I love love love Lena Anderson’s line drawings; every page turn is such a treat. Some pictures show recipe steps, others the finished product, many others are adorable spot illos that dress up the pages and pique the reader’s interest. We never lose sight of our intrepid little chefs as they hang out in the corners or margins, sometimes with speech bubbles.




The unassuming recipes are easy to make for budding chefs 8+ with some adult supervision. Once kids see how much fun Elliot and Arthur are having, they’re bound to want to give it a go. This is a wonderful celebration of good food and friendship, which is the best seasoning for any dish!

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Cornelius couldn’t wait to try the Oat Scones (this might have something to do with Elliot’s suggestion to eat them with orange marmalade or honey). He liked that they are bumpy and brown (kind of like him).


Arthur and I often bake scones when we come home from school hungry. They’re really fast to make because they don’t need to rise.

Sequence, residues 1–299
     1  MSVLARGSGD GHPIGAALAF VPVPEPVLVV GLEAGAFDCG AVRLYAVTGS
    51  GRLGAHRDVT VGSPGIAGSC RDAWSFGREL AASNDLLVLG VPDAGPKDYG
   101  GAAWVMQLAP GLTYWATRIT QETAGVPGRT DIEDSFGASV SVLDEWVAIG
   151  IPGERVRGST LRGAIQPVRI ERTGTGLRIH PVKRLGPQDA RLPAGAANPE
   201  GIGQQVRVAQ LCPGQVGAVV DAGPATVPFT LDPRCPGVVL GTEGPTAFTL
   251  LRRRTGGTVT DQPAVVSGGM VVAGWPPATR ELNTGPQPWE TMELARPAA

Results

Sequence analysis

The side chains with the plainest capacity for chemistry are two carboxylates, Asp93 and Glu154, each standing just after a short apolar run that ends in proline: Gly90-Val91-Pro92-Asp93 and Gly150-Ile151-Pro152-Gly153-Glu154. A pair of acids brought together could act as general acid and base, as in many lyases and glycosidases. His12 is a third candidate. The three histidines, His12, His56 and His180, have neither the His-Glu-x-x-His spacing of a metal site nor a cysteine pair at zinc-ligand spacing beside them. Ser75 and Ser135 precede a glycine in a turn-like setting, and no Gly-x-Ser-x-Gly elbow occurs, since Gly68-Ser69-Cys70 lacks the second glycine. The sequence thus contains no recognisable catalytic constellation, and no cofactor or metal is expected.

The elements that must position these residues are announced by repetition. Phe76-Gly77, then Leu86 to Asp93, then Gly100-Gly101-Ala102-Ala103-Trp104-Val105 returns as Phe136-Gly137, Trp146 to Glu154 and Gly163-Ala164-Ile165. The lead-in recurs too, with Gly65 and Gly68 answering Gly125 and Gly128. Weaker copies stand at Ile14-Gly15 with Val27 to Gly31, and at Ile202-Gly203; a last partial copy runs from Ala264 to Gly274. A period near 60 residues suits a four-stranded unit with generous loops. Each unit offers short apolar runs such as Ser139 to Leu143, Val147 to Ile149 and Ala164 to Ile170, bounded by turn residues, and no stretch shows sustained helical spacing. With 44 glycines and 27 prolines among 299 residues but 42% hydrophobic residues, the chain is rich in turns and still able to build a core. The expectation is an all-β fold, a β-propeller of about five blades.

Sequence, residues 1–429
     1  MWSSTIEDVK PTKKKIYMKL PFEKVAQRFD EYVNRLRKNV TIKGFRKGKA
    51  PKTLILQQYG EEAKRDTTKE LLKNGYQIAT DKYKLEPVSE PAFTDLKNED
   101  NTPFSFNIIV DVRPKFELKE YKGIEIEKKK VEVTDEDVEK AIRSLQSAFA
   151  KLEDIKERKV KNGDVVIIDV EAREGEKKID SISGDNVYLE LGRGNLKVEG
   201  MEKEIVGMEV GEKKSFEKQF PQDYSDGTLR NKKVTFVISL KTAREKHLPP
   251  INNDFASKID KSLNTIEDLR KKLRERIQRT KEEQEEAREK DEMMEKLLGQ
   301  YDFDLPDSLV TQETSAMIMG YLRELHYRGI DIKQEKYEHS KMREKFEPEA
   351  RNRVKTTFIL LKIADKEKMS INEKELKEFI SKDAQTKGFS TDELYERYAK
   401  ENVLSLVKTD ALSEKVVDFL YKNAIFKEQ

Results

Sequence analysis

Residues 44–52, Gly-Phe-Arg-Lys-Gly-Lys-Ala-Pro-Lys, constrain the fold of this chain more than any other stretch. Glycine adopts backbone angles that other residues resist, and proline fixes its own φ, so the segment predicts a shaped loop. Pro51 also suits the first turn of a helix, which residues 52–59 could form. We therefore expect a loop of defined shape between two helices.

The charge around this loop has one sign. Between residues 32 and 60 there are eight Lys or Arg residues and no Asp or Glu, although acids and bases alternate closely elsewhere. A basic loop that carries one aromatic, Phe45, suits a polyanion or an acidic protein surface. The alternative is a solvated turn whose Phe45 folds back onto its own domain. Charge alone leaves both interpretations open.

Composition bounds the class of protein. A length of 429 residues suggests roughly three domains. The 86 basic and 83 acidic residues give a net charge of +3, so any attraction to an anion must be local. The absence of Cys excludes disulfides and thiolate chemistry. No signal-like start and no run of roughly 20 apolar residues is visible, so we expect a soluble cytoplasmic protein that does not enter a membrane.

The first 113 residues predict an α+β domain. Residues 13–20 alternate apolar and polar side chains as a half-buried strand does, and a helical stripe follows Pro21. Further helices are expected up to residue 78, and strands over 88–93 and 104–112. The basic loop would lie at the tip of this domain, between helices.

This recipe is for a small batch (just right for Arthur and me), because bread made with baking powder doesn’t stay fresh and should be eaten right away.



  • 1/2 cup oatmeal
  • 2/3 cup white flour
  • 1 tsp. baking powder
  • 1/2 tsp. salt
  • 2 T butter
  • 1/2 cup milk


  • Set the oven at 475 degrees F
  • Mix the dry ingredients in a bowl: oatmeal, flour, baking powder, and salt.
  • Cut thin slices of the butter (it should be cold and hard) and mix them with the dry ingredients in the bowl. Use your fingertips and work quickly, until everything looks like small crumbs.
  • Pour in the cold milk and stir quickly. As soon as it has become a dough, put it on a greased baking sheet and shape it into a sticky round bun. Flatten it a little and make a cross on the top with a dull knife. That makes it easier to divide later.
  • Put the baking sheet on a rack in the middle of the oven and bake 10-12 minutes. The bread will swell up to twice its size!
  • When it is ready, and has cooled a little, we each take two pieces. We split each piece to make sandwiches that we first spread with butter. Then Arthur puts cheese on two of his and marmalade on the others. I usually have two with cheese and two with HONEY (because I like it so much). We drink tea with our sandwiches and a glass of milk.

Got cheese?